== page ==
Ebooks

Transform your child’s experience of math!

Even if you struggled with mathematics in school, you can help your children enjoy learning and prepare them for academic success.

Author Denise Gaskins makes it easy with this mixture of math games, low-prep project ideas, and inspiring coffee-chat advice from a veteran homeschooling mother of five. Filled with stories and illustrations, Let's Play Math offers a practical, activity-filled exploration of what it means to learn math as a family.

Drawing on more than thirty years' teaching experience, Gaskins provides helpful tips for parents with kids from preschool to high school, whether your children learn at home or attend a traditional classroom.

Sections include:

•    How to Understand Math: Introduce your children to the thrill of conquering a challenge. Build deep understanding by thinking, playing, and asking questions like a mathematician.

•    Playful Problem Solving: Awaken your children’s minds to the beauty and wonder of mathematics. Discover the social side of math, and learn games for players of all ages.

•    Math with Living Books: See how mathematical ideas ebb and flow through the centuries with this brief tour through history. Can your kids solve puzzles from China, India, or Ancient Egypt?

•    Let’s Get Practical: Fit math into your family’s daily life, help your children develop mental calculation skills, and find out what to try when your child struggles.

•    Resources and References: With so many library books and Internet sites, you’ll never run out of playful mathematical adventures.

All parents and teachers share one goal: we want our children to understand and be able to use math. Your children will gain a strong foundation when you approach math as a family game, playing with ideas.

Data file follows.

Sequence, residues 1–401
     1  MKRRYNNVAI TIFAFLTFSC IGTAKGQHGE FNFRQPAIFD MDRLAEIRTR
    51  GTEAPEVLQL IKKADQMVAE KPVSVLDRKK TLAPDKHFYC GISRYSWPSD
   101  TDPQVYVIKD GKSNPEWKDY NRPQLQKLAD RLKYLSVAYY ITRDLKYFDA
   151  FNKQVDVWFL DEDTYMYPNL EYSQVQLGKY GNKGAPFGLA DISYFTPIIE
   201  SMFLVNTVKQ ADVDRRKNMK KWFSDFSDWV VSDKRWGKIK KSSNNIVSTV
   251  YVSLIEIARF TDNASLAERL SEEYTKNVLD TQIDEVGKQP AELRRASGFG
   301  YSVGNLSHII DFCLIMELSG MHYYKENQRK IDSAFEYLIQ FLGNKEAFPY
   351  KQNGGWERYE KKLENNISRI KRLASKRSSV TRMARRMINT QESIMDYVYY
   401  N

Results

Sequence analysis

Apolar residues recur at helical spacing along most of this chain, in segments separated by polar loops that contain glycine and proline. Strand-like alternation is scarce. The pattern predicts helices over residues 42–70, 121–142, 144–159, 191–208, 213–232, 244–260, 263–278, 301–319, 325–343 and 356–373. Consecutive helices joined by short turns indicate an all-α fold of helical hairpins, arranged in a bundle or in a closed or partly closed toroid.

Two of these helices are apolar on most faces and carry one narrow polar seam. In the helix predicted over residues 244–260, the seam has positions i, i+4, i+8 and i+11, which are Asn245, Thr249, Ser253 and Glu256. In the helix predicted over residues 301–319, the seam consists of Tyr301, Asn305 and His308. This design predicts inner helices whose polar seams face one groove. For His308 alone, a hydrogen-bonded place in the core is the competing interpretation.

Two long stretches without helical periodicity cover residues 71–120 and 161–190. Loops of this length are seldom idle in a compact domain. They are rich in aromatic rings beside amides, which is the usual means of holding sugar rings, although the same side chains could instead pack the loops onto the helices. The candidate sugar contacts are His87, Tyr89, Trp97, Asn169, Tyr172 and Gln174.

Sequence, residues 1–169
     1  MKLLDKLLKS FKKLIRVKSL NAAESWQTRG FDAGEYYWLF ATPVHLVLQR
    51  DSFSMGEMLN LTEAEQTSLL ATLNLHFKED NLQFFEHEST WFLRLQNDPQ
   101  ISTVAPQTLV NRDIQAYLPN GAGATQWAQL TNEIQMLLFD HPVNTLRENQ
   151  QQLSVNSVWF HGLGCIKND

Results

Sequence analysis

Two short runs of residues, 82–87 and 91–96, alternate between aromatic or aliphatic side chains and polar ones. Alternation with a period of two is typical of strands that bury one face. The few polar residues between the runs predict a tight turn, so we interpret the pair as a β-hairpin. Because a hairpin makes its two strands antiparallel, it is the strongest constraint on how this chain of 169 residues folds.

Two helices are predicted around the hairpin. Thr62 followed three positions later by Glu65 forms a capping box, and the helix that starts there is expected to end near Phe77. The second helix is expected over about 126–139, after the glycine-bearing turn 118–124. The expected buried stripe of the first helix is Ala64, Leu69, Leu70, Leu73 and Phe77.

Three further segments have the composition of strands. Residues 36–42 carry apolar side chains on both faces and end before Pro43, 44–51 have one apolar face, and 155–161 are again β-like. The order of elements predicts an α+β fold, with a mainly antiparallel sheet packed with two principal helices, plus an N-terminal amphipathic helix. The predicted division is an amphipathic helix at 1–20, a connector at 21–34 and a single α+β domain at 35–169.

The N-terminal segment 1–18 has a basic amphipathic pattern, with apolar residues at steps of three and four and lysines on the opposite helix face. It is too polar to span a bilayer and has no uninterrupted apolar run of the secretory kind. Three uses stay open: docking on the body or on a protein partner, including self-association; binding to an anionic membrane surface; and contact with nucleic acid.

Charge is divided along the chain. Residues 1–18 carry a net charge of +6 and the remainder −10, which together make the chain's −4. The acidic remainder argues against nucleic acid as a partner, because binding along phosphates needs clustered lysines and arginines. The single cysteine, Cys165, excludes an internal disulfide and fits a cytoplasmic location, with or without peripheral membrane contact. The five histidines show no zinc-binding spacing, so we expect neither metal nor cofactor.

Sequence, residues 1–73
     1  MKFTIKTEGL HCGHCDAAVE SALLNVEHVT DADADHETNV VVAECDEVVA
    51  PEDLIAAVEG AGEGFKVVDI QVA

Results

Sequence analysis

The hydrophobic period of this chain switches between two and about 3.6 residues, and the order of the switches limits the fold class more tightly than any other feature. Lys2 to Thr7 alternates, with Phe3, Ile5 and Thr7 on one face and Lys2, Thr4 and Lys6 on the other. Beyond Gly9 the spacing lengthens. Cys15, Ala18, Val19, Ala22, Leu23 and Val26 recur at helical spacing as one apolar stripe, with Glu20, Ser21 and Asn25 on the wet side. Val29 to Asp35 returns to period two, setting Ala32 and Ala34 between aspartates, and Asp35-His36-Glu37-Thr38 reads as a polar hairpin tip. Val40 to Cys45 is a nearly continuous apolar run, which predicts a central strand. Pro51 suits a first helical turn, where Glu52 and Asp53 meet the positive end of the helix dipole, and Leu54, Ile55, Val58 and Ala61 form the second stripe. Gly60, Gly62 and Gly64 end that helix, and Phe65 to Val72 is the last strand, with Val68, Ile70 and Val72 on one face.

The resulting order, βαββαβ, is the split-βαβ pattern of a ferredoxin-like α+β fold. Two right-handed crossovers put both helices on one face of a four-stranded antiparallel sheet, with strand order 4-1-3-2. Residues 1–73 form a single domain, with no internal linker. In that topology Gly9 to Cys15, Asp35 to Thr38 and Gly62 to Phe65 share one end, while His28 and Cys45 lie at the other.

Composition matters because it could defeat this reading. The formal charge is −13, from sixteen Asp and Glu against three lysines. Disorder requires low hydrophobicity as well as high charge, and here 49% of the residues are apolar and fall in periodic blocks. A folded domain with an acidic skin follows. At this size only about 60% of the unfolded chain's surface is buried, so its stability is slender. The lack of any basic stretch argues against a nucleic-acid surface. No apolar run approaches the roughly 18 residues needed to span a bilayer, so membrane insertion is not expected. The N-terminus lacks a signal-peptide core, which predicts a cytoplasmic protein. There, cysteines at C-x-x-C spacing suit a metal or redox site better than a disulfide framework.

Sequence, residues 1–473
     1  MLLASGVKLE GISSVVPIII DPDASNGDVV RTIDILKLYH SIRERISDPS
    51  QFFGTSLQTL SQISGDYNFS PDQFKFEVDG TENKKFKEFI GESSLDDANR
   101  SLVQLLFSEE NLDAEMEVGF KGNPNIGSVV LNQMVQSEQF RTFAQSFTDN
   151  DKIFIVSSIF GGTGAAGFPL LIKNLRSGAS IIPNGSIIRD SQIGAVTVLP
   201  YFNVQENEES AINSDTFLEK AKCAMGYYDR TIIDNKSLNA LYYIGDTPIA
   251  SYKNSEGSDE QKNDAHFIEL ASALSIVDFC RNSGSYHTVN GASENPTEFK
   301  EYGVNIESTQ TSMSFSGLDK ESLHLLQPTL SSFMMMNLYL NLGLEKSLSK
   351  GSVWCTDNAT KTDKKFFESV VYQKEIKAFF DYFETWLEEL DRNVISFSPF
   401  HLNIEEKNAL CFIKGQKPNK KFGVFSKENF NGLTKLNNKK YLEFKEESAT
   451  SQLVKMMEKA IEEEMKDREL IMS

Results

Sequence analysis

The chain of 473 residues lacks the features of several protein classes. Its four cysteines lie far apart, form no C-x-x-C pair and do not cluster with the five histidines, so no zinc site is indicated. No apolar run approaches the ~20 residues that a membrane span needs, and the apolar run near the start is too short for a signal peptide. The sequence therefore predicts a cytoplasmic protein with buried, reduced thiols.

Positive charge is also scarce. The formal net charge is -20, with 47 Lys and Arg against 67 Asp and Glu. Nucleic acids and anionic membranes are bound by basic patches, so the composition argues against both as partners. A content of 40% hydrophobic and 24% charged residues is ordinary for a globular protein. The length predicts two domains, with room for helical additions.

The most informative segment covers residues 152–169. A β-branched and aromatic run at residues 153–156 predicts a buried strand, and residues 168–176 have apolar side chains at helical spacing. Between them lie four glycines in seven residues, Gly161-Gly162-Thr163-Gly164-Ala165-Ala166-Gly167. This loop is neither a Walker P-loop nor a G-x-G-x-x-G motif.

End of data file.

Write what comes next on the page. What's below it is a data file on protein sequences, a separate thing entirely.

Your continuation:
Don’t let your children suffer from the epidemic of math anxiety. Grab a copy of Let’s Play Math, and start enjoying math today.
Prevent math anxiety — by playing games!

You’ll love these math games because they give your child a sturdy foundation for understanding addition and subtraction. 

Help your child learn mental flexibility by playing with numbers, from basic math facts to the hundreds and thousands. Logic games build strategic thinking skills, and dice games give students hands-on experience with probability. 

Addition & Subtraction features 23 kid-tested games, offering a variety of challenges for elementary-age students. Chapters include: 

•    Tens and Teens: Master the concept of number bonds — the relationship between a whole number and the parts that combine to make it — and build a logical foundation for future math. 

•    Numbers to One Hundred: Develop mental math skills for working with larger numbers. Practice using place value, addition, and subtraction. 

•    Mixed Operations: Give mental muscles a workout with games that require number skills and logical thinking. 

•    Logic and Probability: Logic games sharpen inductive and deductive thinking skills, while games of chance build an intuition for probability. 

Math games protect your child from math phobia. Games pump up your child’s mental muscle, reduce the fear of failure, and generate a positive attitude toward mathematics. 

Parents can use these games to enjoy quality time with your children. Classroom teachers like them as warm-ups and learning center activities or for a relaxing review day at the end of a term. If you are a tutor or homeschooler, make games a regular feature in your lesson plans to build your students’ math skills. 

So what are you waiting for? Clear off a table, grab a deck of cards, and let's play some math!
Prepare your child for math success — by playing games!

You’ll love these math games because they give your child a sturdy foundation for understanding mathematics.

Young children play with counting and number recognition. Older students explore place value, build number sense, and begin learning the basics of addition.

Counting & Number Bonds features 21 kid-tested games, offering a variety of challenges for preschool and early-elementary learners. Chapters include:

•    Early Counting: Practice subitizing — recognizing small numbers of items at a glance — and learn the number symbols.